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16 responses to “ARC Book Review: Extraction by Stephanie Diaz

    • Yeahh, definitely not worth anyone’s time whose read more than one dystopian series in the past. =/ A pity though. I feel bad having to write such a negative review of a debut author. *sigh*

  1. Yeah, this was really not interesting in the slightest. Everything was so simplistic, the prose was bland, there was nothing remarkable about any of the characters or their relationships. I couldn’t bring myself to care about anything that happened in this book. I’m not sure how I managed to finish it. So disappointing, ugh.

    • Yeah, I’m pretty sure it’s just the sense of obligation I have to finish review copies that actually got me to finish this one. And, well, I guess I kind of wanted to know how the alien thing would pan out? But eh. *shrug*

    • That about sums it up, yeah. Man, why did I bother putting in the time and effort to write this review when I could have just written that? xD


        No, but seriously, you did a great job of showing just how derivative this genre has gotten, and one of my biggest pet peeves is having a relationship established before the book begins and never getting you invested in it. Like, it can be done well, but if you don’t work hard to make people care WITHIN the story frame… i don’t know. We need to SEE the relationship to CARE about it. You can’t just say, “X loves Y!” over and over and expect us to believe it.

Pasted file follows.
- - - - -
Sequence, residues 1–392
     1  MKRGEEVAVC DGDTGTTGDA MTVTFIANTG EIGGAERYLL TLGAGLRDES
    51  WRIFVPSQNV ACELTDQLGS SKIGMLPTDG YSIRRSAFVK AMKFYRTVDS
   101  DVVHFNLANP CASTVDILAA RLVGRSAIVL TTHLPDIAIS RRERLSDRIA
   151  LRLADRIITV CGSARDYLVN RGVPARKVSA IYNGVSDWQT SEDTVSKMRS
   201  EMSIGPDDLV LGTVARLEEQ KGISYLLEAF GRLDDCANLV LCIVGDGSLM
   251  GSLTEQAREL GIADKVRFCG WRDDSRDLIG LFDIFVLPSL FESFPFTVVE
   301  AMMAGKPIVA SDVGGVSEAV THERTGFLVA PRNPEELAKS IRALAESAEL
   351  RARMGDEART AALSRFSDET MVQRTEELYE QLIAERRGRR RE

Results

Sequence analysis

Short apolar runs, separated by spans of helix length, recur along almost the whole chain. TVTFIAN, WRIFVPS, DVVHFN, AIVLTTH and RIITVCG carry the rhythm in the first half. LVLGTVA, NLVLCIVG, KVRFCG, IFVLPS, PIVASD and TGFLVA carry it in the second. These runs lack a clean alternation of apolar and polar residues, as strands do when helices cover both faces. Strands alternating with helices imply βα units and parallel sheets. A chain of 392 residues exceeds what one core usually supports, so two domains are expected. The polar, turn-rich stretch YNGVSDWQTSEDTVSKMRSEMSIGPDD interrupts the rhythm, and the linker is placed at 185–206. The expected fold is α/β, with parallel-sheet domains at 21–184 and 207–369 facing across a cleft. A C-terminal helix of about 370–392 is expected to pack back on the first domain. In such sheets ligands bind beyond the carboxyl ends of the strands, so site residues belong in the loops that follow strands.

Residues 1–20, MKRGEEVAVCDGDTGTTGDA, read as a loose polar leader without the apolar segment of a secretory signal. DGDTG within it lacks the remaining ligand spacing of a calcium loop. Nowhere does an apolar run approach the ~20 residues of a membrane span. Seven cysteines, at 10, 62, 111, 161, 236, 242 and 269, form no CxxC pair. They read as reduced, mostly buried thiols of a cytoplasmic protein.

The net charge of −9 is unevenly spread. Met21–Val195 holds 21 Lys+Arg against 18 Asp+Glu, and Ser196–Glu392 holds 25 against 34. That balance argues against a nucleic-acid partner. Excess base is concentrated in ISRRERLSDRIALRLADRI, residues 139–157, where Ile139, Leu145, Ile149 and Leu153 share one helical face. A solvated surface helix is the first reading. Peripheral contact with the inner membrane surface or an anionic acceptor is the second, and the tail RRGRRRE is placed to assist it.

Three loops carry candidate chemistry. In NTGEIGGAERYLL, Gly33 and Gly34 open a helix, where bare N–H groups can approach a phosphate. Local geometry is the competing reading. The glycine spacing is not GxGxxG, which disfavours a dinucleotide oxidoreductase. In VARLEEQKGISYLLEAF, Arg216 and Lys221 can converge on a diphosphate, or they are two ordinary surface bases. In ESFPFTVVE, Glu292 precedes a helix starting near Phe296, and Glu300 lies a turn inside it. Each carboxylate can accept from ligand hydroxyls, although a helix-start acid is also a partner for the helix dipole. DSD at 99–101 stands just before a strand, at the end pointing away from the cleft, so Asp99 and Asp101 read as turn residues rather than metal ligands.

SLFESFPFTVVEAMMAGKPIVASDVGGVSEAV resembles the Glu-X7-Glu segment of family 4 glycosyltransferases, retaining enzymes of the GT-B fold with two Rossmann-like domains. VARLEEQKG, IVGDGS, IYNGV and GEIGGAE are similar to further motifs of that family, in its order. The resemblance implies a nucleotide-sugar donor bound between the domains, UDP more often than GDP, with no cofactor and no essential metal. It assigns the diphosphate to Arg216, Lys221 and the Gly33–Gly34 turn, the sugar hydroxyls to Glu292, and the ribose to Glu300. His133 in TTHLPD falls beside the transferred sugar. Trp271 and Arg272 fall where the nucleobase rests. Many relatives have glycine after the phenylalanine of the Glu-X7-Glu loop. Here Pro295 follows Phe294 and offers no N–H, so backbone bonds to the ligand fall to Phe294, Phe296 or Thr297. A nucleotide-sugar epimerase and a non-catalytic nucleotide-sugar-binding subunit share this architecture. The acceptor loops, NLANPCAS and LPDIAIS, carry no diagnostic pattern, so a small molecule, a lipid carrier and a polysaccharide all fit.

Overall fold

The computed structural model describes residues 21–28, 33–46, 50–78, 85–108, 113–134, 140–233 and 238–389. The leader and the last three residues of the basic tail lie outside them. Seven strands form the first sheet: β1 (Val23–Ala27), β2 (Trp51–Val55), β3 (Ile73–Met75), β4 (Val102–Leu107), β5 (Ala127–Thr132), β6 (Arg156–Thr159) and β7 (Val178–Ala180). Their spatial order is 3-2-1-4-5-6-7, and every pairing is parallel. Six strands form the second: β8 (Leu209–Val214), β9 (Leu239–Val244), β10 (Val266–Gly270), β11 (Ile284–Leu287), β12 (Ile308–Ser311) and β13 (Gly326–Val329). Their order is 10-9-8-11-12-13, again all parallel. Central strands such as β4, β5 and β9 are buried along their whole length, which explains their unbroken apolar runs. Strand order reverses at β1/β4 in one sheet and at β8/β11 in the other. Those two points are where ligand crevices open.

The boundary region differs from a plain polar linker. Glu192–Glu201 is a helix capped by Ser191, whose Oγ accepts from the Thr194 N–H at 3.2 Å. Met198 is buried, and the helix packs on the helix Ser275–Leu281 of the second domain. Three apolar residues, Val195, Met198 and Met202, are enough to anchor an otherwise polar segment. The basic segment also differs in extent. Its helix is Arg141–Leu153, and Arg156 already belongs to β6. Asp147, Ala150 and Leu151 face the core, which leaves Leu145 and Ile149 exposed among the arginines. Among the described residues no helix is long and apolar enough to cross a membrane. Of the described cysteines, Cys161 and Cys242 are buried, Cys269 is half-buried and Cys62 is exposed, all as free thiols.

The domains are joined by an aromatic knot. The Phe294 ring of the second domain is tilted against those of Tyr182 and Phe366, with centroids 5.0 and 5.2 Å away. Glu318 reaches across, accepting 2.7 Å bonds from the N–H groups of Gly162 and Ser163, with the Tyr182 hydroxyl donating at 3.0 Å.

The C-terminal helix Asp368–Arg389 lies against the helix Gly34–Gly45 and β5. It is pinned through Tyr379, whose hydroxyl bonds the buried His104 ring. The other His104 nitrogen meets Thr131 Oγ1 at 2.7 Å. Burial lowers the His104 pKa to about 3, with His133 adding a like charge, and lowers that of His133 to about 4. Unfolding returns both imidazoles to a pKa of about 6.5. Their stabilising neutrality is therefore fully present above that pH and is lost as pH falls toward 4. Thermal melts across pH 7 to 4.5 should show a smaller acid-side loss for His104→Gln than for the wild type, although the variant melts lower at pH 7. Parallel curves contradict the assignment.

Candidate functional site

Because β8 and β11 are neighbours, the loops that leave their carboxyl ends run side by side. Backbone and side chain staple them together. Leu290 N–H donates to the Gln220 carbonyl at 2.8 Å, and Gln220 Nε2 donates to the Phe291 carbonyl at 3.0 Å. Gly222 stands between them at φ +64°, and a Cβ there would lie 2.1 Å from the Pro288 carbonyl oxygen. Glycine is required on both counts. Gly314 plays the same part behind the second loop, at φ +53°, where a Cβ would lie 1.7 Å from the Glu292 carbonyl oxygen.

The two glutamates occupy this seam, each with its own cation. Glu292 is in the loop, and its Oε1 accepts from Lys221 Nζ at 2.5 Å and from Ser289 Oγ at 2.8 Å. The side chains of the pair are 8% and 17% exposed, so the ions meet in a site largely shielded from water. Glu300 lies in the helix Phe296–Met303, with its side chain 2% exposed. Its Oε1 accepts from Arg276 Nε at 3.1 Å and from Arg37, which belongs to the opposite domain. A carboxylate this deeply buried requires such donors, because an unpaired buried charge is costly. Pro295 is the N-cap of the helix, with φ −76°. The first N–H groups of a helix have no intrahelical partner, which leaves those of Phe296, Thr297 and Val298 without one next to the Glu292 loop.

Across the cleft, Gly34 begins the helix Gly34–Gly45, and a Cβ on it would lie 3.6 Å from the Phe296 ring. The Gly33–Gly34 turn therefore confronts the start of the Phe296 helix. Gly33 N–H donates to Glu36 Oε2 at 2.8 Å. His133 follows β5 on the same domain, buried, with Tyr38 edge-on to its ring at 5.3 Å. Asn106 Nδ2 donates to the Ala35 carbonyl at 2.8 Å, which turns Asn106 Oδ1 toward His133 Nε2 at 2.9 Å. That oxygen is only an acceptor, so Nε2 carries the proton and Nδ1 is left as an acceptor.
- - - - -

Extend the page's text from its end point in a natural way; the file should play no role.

• Hahaha, I didn’t mean to mock, I was actually being quite serious ^^; But yeah.

          I am soooo with you there. I neeeeeed to really gain that investment in relationships, just telling me they love each other does NOTHING for me. It’s part of the reason why the If I Stay duology didn’t really work for me (pleasedon’tshootme) because it didn’t manage to convince me to care about their relationship. I mean they had all those flashbacks, but with the messed up chronology, I never really felt invested. I really wish authors would stop doing this, especially when, like in Extraction, there are those scenes that I know are MEANT to have me swooning. No, authors. That’s not how it works. Either do romance or don’t. But don’t half ass it.

    • The climbing thing felt soooooo random to me, but I guess they felt the need to make her more like Katniss? I dunno. It was just stupid.

  2. I couldn’t even finish this one basically for all the reasons you mentioned. The romance was unbelievably blah, the elements were tired, nothing was exciting or intense or caused feelings, and I wanted more explanation about pretty much everything about the world-building. Plus it was super tell-not-show-ey. So much meh. Props for managing to get through it, though!

    • It was definitely not worth finishing, to be honest. I don’t know why I bothered. But yeah, you were smart to get out when you did. So disappointing though.

  3. Aww. I don’t think I have your patience to sit down and read this book while thinking about all the other dystopian novels I’ve read. You have said nothing commendable about this book so I’d simply stay out of its way and pick better books to read. Thank you for your honest review, Debby!